The Intersection of Accessibility and Inclusive Design

Invited Speaker!

Accessibility and Inclusive Design are two related disciplines but they have different goals and focuses. Accessibility aims to give as many people as possible the ability to access information, resources, and services through interaction with assistive technologies and devices. Inclusive Design aims to provide access to as many people as possible and to provide the best experience possible, while doing so without the need for assistive devices. Although these may sound like the same thing, they aren’t, and understanding the differences between them can help developers and testers be more effective when implementing both accessibility and inclusive design principles. Join Michael Larsen as he demonstrates some examples to help distinguish between these two related concepts, and shows how developers and testers can leverage both disciplines effectively to ensure the best possible user experience for as many people as possible.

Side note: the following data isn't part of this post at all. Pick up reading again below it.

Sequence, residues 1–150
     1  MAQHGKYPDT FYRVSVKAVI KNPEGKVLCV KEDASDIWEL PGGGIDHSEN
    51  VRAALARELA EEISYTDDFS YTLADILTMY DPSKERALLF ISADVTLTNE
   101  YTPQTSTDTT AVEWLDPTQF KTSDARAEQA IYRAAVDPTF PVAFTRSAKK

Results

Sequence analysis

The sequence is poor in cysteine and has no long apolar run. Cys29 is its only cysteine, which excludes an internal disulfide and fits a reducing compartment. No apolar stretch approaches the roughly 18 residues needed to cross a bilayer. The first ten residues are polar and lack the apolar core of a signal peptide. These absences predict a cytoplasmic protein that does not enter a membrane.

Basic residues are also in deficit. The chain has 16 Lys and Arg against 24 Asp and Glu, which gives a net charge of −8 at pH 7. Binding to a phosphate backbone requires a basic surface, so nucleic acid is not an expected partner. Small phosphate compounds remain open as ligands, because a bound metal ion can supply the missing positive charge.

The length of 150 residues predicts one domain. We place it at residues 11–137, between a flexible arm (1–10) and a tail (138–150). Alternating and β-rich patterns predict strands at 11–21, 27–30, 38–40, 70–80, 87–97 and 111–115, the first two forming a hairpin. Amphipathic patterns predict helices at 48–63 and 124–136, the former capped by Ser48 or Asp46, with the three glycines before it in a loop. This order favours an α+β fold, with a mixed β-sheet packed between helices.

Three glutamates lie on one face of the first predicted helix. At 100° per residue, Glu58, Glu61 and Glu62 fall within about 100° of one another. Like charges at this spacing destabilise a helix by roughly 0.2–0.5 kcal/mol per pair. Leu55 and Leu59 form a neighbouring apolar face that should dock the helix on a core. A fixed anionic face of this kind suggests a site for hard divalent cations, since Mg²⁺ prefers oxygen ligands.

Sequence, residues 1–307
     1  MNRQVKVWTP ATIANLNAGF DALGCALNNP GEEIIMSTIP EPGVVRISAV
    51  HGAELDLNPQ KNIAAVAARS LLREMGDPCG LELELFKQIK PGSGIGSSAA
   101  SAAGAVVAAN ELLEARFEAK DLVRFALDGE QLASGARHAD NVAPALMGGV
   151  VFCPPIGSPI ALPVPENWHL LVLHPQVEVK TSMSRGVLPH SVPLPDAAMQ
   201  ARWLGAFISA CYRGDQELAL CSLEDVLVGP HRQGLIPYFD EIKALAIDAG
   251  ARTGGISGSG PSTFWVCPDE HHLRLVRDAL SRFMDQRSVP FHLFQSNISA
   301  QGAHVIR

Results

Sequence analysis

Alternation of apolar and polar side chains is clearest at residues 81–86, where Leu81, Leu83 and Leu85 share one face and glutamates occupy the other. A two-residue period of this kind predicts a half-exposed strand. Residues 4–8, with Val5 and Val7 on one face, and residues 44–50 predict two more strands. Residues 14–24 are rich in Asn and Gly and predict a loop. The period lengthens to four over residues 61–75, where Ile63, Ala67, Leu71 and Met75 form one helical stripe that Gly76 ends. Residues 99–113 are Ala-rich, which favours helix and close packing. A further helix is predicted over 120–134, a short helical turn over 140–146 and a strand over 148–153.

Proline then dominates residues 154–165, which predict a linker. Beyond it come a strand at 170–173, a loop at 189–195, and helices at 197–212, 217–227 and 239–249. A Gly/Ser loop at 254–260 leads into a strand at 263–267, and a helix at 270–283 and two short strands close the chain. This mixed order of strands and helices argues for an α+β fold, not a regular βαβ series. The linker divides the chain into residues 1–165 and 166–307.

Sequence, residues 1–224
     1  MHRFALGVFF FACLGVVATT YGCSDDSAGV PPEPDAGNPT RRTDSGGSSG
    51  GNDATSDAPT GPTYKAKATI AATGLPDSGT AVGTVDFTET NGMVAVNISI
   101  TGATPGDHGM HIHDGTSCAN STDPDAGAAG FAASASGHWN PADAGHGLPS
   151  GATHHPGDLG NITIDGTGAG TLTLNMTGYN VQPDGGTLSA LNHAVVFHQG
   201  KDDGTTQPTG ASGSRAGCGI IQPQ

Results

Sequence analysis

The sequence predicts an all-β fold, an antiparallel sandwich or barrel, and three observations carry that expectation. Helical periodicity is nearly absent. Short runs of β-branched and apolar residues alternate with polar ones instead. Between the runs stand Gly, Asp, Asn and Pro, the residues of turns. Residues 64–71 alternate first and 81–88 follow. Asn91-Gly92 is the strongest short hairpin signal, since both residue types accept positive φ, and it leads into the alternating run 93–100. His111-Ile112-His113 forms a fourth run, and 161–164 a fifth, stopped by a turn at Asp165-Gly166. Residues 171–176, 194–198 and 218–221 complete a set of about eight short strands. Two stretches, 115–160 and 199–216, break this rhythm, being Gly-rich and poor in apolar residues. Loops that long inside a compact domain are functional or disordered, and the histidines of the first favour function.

Michael Larsen, Learning Technologies Group

Michael Larsen is a Senior Quality Assurance Engineer with the Learning Technologies Group. Over the past three decades, he has been involved in software testing for a range of products and industries, including network routers & switches, virtual machines, capacitance touch devices, video games, client/server, distributed database, and web applications. Michael is a Black Belt in the Miagi-Do School of Software Testing, helped start and facilitate the Americas chapter of Weekend Testing, is a former Chair of the Education Special Interest Group with the Association for Software Testing (AST), a lead instructor of the Black Box Software Testing courses through AST, and former Board Member and President of AST. He writes the TESTHEAD blog and can be found on Twitter at @mkltesthead.